The Middle

I’m a middle child.

And there were times where I straight up hated being in the middle when I was growing up. 

I wasn’t old enough to be the one proudly trumpeting, “mom put me in charge!” over the  unfolding chaos or even the television remote. Then at age seven, I became a reluctant big sister, and was promptly cast aside to make way for the “runt” of the litter (sorry, little sister.)

I had to vacate my mom’s lap, and share her affections with the tiny thing that pooped and shrieked seemingly nonstop. I had no authority, or so I was reminded of by my older “mom said so!” sister, and I didn’t get the luxury of being babied because, “mommy can’t right now.”

It was not the tops. 

The middle is dangerous ground. 

Lukewarm bathwater. The middle seat on an airplane. You get the idea.

Nobody likes the middle. Save for the middle of a tootsie pop or Oreos. When it comes to food, the center can hold delicious surprises if we just keep at it. But in the context of adulting and life? No one really likes the middle. Being in the middle means being in transition. 

And people like the idea of transition possibly even less than they do the middle.

I’m in the middle right now.

I’m the woman in labor, fighting the terror in her body, willing herself not to push because it isn’t time yet. Breathe it out. Just wait for the release. Let what’s going to happen happen. I can’t see that light at the end of the tunnel through the pain and disenchantment. It’s real. The fear. All of it. 

Guys, I am so scared. 

I am learning a new way to be. A new way to see things. Even though I know that things really aren’t all that different than they were before. What was true yesterday is going to be truth tomorrow even if my insides have been eviscerated. My dad is gone. I miss him so, so much. But his love is as true today as it was when he was here, in the body, still with me. What’s different now is that he’s gone.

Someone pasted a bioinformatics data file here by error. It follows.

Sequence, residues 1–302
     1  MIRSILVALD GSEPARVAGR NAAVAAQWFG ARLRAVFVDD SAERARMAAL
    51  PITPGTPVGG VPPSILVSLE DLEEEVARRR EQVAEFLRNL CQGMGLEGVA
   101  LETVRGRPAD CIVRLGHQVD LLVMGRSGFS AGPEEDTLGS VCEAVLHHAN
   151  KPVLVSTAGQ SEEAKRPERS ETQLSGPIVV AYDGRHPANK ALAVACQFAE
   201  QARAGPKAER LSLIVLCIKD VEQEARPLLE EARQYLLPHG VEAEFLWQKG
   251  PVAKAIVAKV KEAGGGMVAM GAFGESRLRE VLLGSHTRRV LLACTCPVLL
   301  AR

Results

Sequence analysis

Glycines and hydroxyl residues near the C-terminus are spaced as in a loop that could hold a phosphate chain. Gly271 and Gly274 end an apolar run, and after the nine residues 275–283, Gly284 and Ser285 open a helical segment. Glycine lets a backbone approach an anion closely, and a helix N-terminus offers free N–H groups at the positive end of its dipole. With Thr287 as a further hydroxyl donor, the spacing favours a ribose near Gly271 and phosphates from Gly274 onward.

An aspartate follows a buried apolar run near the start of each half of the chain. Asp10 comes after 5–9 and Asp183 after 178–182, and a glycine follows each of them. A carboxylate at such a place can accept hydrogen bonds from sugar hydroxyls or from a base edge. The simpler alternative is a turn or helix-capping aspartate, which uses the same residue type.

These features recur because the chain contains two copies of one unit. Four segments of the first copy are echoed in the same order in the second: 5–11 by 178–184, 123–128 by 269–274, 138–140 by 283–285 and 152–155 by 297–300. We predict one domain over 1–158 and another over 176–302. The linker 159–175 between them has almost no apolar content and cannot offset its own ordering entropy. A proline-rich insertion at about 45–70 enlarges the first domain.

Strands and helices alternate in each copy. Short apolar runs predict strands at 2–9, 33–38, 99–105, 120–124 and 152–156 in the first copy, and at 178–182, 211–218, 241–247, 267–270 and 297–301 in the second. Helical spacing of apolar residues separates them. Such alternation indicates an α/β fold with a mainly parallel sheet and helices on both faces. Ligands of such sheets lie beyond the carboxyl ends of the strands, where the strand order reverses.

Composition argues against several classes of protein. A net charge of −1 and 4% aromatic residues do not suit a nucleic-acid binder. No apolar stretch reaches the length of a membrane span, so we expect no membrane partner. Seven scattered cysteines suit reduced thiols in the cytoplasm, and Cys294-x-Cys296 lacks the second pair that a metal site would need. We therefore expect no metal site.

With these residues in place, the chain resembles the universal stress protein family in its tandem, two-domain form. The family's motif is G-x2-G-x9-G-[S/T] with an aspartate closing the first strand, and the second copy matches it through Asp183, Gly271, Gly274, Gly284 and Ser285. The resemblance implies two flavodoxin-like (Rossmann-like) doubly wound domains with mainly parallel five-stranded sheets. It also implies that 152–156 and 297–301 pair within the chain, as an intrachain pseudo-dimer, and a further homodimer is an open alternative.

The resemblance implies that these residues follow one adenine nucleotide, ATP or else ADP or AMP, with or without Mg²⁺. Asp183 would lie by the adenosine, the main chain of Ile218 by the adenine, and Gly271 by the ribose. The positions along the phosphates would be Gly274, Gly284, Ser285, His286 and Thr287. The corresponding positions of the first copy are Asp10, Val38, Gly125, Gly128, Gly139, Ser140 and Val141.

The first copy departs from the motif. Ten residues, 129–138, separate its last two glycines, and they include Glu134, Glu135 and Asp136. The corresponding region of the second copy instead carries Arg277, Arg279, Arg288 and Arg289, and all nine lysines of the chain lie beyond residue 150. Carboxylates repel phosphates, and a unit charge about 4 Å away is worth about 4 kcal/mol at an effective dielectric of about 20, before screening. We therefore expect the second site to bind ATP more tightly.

What’s different after all that is me.

It’s like the aftermath of a comet striking the Earth. A volcanic eruption. A raging wildfire. The Earth is not even settled yet from the harsh, shattering, indiscriminate destruction. Because it’s not time. It’s not time to be okay. 

There isn’t release. Not yet. 

While I’m still sorting through the rubble North is still North, but it’s just not time to move on yet.  

When we bought our old house, we had the backyard tilled and grated. There was so much junk back there that we filled an entire rolloff dumpster and still had some left over.

That was more than eight years ago. 

Occasionally, on warm days when we are enjoying barefoot afternoons, we notice new remnants and relics poking through the dirt. Glass. Bolts and screws. Small bottles. Rusted pieces of copper even. 


The Earth is purging itself slowly as feet disturb the dirt, as the rains wash away more soil. It’s cleansing itself.

My children see hidden treasures when they find something new to explore with a magnifying glass and I have to strain to see it through their eyes. I see something that was once useful, but not anymore. Something we don’t need to keep and that should committed to the trash can for fear of tetanus. 

Sometimes, though, we find something worth saving. 


We separate the useless from the useful, the things worth saving from the things we don’t need anymore. It’s this slow process, this waiting for something to emerge. You clean what you can the best you can, and still, next year when the spring rains return, more that’s hidden will be revealed. And we will sort. 

Now is the time for sorting. And remembering. And for hurting. 

It’s the middle. 

It’s terrifying. It’s real. 

I’m worried that nothing good will ever come out of me again. When will I remember who, and what I am? 

We are here now. In the aftermath. And we know that brokenness will bring new life. 

It’s just not time for that. 

Not yet. 



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